We thought Imagination had MIPS in the bag, but it seems that the fight is not over as another company, Ceva, is trying to outbid them for the MIPS architecture. But Imagination is not going to give up without a fight, and has raised the bidding price from the original $60 million to $80 million. This may not seem that much, but right now, Imagination only makes like $60 million a year in revenues.
So why is MIPS so important to Imagination? Imagination has the most market share in mobile GPU’s right now, thanks mostly to Apple and Intel, which is using its GPUs in its Atom chips. But several threats are rising on the horizon, and in the same time I think Imagination has higher ambitions than just being a GPU designer.
The first threat is that ARM itself is now making the increasingly more popular and competitive Mali GPU chips, and Imagination fears that ARM will try to make their CPU’s and GPU’s ever more integrated. They have a good reason to believe that, because that seems to be the general trend in the industry right now, and ARM’s has already made the new Cortex A15 and MAli T600 GPU’s more integrated by getting them to share the same cache. This will help greatly for compute performance, and Imagination’s GPU’s might become less and less desirable in the future.
The second threat is from one of their biggest customers right now – Intel. Intel intends to give up on Imagination GPU’s very soon, and therefore become one of their competitors, too, by using its own GPU’s in their own mobile chips.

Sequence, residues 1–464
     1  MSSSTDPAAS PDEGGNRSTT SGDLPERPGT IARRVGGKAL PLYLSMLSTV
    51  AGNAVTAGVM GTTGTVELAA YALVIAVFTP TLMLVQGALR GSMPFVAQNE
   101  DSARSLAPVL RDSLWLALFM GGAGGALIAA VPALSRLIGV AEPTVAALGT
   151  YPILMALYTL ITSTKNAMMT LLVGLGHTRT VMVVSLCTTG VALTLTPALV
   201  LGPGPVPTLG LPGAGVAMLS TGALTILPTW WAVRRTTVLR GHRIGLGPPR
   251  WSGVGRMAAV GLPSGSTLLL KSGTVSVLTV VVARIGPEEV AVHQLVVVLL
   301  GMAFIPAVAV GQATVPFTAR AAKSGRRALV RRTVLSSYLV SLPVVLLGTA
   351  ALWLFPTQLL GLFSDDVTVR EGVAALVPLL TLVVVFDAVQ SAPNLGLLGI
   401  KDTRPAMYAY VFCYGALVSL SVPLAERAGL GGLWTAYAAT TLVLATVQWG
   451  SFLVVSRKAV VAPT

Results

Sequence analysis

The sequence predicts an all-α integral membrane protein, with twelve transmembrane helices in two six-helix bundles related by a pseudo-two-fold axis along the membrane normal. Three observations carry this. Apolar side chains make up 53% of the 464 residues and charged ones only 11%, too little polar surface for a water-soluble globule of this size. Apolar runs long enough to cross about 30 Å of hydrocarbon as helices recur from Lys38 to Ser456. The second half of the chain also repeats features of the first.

The third threat could even be from Apple. Apple is already making its own CPU cores now. Who’s to say with certainty that they will not be making their own GPU’s, too, in the future, especially if they intend to use the ARM architecture for Macs, too? Apple might want full control over their SoC’s in the future.
All of this leaves Imagination in a pretty uncertain position as only a GPU maker, when everyone else around them is trying to integrate CPU’s and GPU’s further, and they know this because they already are a member of AMD’s Heterogeneous System Architecture Foundation, where ARM is a member, too. They know CPU’s and GPU’s are going to become more integrated in the future.
That leaves us with the pretty logical conclusion at which they arrived, too, that they need to design their own CPU cores. But here they had two options – license the architecture from ARM, and design an ARM core like Qualcomm and Apple, or try to compete even harder with ARM and Intel, with their own CPU architecture. And that’s where MIPS comes in.
I for one hope that Imagination gets to buy MIPS, because I know they are very serious about it, and although I’m a big ARM fan, it can’t hurt to one more highly competitive chip architecture in the market, to give both ARM and Intel a run for their money, and force them to continue innovating even faster, and to compete even better on price (at least in Intel’s case).
Imagination has their work cut out for them, though, as MIPS is a little behind ARM right now in many ways, but I think in 2-3 years we’ll see Imagination’s vision with MIPS start to shape up (if they manage to win the bid for it, that is).